I can never hope to understand this but I am compelled to believe it – that everything I feel as I meet the details, events and situations of my life Christ identifies with and is one with those feelings. It is that very real connection with me in true sympathy that gives me full confidence to boldly approach the throne of God.
As to the second question – ‘How did Christ become this sympathetic High Priest?’ – let me read these verses: Heb. 5: 7 – 10 Christ, in the days when He was a man on earth, appealed to the One who could save Him from death in desperate prayer and the agony of tears. His prayers were heard because of His willingness to obey. But, Son though He was, He had to prove (demonstrate) the meaning of obedience through all that He suffered. Then, when He had been proved (demonstrated) the perfect Son, He became the source of eternal salvation to all who should obey Him, being designated by God Himself as High Priest “after the order of Melchizedek”.
The picture opens with reference to the prayer life of the man Christ Jesus – and what a picture it is. I think it is safe to conclude that His practice of prayer has never been equalled in the history of mankind. That journey of prayer culminated in the Garden on the eve of His betrayal and death. We are told that He was heard, and that He was heard because of His willingness to obey.
The final expression of what we are looking at in this Hebrew text is found in His prayer:“Father, if it be possible let this cup pass from Me. Nevertheless not my will but thine be done.”
So what does it mean when God hears our prayer? The apostle John wrote this: And if we know that He hears us in whatever we ask, we know that we have the requests which we have asked from Him.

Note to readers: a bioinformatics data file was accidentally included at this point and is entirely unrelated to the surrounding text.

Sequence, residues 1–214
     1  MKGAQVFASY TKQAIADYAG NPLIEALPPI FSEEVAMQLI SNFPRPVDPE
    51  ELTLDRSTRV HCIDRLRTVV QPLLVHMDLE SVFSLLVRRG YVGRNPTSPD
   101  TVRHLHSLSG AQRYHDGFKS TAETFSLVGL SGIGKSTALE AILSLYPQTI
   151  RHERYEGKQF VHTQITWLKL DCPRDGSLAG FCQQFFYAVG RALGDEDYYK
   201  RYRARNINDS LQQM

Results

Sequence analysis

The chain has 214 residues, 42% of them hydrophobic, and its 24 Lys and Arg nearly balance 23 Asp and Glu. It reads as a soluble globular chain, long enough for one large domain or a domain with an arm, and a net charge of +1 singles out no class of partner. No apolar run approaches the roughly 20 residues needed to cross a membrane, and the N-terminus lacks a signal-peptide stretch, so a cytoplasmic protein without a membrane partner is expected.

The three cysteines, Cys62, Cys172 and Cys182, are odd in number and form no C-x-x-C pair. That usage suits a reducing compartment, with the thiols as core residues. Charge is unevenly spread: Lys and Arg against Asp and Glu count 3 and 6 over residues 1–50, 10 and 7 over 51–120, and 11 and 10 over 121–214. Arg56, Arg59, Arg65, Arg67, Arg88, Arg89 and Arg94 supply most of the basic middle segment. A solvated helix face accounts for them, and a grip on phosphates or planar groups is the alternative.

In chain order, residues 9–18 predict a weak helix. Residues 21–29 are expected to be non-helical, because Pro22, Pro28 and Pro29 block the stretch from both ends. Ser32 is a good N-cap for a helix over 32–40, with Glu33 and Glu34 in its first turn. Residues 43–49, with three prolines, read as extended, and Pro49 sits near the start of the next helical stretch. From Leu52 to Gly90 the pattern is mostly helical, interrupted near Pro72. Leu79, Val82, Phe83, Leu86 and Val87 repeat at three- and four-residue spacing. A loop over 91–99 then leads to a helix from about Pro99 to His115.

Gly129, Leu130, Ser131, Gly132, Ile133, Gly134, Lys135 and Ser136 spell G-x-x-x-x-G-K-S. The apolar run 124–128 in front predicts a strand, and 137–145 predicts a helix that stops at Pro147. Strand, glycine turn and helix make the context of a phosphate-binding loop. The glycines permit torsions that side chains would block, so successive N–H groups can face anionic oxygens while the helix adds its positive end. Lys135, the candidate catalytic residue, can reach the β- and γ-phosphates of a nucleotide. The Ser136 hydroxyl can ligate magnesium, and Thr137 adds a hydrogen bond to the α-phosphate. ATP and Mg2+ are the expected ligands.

I can tell you three things about this. 1) God fully heard the prayers of Christ. 2) God answered the prayers of Christ. But – and this is the critical point – 3) heard and answered prayer did not exempt Christ from going through what He had to go through on His way to becoming the sympathetic High Priest we would need.
The fact that you are going through certain things does not mean that God has not heard your prayers or seen your tears. It does not mean that God has not answered your prayers. What it does mean is that there is a bigger picture that God sees. And that bigger picture is what you are becoming in terms of effective priestly ministry by passing through the events and details you are presently facing.
The answer to our question – ‘How did Christ become this sympathetic High Priest?’ – is found in these words of the text: …through all that He suffered. The key word here is ‘suffered’. It almost exhausted me to read through all the material that is written in an effort to define this word. What I can tell you is that it does not just refer to negative experiences of hurt, loss and pain – although that is the dominate theme of its meaning. But in its broadest scope it simply means and refers to the sum of the human experience both negative and positive.